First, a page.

How can you keep your bunny comfortable, happy and safe during the colder months?
Despite those thick and fluffy coats, our little rabbits can be very susceptible to the colder weather in winter. So, how can we best help our furry friends through all the extremes the season can throw at them, especially those that live outdoors?
While none of us can predict the weather, there are a few simple steps we can take to make sure our rabbits are safe, warm, happy and healthy as the colder weather descends.
How can you care for your rabbits in winter?
Provide shelter from the wind and rain
This is the main consideration for your rabbits in winter. Use a see-through plastic cover to protect the wire meshed front of the hutch from wind and rain. Attach it in such a way that it can be rolled up on pleasant days.
Prepare the hutch
Make sure the hutch is good and sturdy, without any gaps for the weather to creep in, and keep it waterproofed to keep the rain out. It’s worth getting a hutch cover that fits snugly as a way to keep out the elements and provide insulation. Try to keep the hutch elevated to reduce the risk of water seeping in.
Offer burrowing options
Wild rabbits do well during winter by burrowing, but that option isn’t available to many domestic rabbits. Consider creating sub-compartments within the hutch so they can nestle in, or provide suitably-sized open-ended tubes or pipes that allow them to shelter without getting stuck.
Give lots of food and drink
As the weather cools, your rabbit’s appetite is likely to increase. Give them access to lots of leafy greens and hay – hay, especially, can help them to build up insulating fat. But remember that frosty or frozen food can harm them, so find a way to keep it thawed. You’ll also need to make sure their water bottles don’t freeze. Try wrapping them in a sock or bottle cover.
Do health checks
Rabbits are increasingly prone to illness as the temperature drops so keep a close eye on them, including any behavioural changes. Encourage lots of exercise by making sure they have enough space to explore to their heart’s content.
If your bunny is old or not in the best of health, consider moving their hutch indoors or into a shed. Some people move their rabbits indoors at the start of winter, before the first cold snap comes along.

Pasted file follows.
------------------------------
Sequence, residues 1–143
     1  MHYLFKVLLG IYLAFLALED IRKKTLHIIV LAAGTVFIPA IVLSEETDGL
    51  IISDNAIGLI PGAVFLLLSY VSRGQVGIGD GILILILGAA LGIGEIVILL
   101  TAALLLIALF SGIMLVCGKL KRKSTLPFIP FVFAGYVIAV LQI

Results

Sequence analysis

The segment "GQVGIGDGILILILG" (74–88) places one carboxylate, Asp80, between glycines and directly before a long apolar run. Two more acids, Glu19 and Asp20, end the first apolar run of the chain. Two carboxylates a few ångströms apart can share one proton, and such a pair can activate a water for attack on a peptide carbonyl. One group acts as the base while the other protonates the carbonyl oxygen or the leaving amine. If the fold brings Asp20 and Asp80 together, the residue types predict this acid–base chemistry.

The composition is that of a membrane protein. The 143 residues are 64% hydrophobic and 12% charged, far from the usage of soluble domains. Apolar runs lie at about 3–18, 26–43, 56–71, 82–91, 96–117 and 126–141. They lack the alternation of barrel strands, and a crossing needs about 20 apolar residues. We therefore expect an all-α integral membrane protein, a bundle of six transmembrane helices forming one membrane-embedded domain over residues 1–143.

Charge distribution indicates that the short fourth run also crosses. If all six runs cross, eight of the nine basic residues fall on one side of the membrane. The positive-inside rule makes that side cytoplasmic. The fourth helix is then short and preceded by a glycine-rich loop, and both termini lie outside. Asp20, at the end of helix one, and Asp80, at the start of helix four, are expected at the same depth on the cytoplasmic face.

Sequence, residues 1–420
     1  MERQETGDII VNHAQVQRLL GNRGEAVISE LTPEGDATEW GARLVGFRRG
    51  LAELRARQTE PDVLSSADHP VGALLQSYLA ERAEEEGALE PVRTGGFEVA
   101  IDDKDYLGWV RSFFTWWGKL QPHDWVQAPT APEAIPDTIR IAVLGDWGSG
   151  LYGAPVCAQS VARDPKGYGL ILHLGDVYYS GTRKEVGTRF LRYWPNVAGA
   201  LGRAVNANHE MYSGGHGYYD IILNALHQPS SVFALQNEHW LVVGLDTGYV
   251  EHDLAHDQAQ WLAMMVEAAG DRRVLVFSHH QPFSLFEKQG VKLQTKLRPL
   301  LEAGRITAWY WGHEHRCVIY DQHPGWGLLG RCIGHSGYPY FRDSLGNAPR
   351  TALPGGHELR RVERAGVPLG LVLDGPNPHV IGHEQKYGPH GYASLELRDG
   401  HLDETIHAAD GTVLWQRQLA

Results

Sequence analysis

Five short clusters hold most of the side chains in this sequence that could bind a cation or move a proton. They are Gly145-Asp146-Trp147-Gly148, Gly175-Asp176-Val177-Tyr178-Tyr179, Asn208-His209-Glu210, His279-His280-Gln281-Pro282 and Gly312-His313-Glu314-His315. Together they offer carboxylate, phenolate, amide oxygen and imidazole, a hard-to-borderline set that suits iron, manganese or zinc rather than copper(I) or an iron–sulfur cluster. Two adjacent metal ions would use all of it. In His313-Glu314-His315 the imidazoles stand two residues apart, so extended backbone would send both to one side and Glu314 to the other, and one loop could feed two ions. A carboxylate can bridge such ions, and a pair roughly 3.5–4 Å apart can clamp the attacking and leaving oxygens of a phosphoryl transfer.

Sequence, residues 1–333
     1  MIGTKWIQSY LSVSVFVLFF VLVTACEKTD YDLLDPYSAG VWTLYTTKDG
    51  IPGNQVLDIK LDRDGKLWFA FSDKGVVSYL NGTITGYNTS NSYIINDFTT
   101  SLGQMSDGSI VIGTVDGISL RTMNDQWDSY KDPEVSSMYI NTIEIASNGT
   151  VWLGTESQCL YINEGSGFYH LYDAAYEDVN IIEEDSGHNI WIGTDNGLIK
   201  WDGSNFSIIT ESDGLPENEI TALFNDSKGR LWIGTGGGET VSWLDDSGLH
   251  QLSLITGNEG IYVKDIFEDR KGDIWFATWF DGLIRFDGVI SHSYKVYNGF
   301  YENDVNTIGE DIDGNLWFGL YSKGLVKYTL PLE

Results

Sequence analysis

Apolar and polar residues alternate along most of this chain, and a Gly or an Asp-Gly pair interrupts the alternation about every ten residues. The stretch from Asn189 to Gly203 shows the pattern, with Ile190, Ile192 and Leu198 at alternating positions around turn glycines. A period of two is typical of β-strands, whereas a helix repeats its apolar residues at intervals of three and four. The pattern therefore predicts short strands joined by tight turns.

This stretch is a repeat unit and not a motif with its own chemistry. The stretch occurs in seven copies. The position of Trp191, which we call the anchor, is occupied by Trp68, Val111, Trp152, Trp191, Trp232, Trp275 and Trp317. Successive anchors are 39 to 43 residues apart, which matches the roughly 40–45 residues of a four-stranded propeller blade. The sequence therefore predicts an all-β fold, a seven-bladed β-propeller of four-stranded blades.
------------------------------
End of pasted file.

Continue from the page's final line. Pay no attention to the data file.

Invest in heating
Heat pads are a good idea and likely to be welcomed by your rabbits. You can buy bunny-safe, non-chewable ones that you can quickly heat up in the microwave. These are a great idea if the temperature is dipping below 5℃ in the daytime. Wrap the pad in a blanket before placing it in the hutch to protect your VIPs from scorching themselves.
Straw is typically warmer than hay, so provide lots of it so that your bunny can burrow for warmth. After all, that’s what they would do in the wild. Make sure the straw stays dry since damp can cause illness. Heated lamps can help here, but must be placed in a safe and secure position.
Move your rabbit indoors
You could consider moving your rabbits into your home. If you’re doing this, bear in mind there are lots of unfamiliar noises and smells, which could be disconcerting to your rabbit. Start by letting them spend more and more time inside, and make it a gradual process. Depending on the layout of your home, you might be able to find a quiet room for them to get accustomed to life indoors, away from noisy TVs and washing machines.
A word on coats
Rabbits shed their coats twice a year, and yours will grow a winter coat. If you do move your rabbits indoors, their coat will likely start to shed as it’s not needed. This does mean that you’ll need to keep them inside until spring because they will have lost that lovely warm winter coat.
Rabbit Christmas presents, all wrapped up
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Do house rabbits need different preparations?
House bunnies are the lucky ones in the colder weather, and they’ll need less manual preparation of space than hutch-living rabbits. Health and coats should still be checked regularly, however.
Wherever you’re housing your rabbits for winter, make sure they have access to heat. If they’re in a shed, add a low-wattage heater – though be sure to insulate the cable to prevent damage by curious teeth.
Find out more about getting your hutch and run ready for winter. Also, remember to keep an eye on your VIPs for any subtle changes in behaviour that could signal a bigger problem.
What’s your top advice for keeping your rabbit warm during the colder months? Send us a snap of your rabbit snuggled up for winter!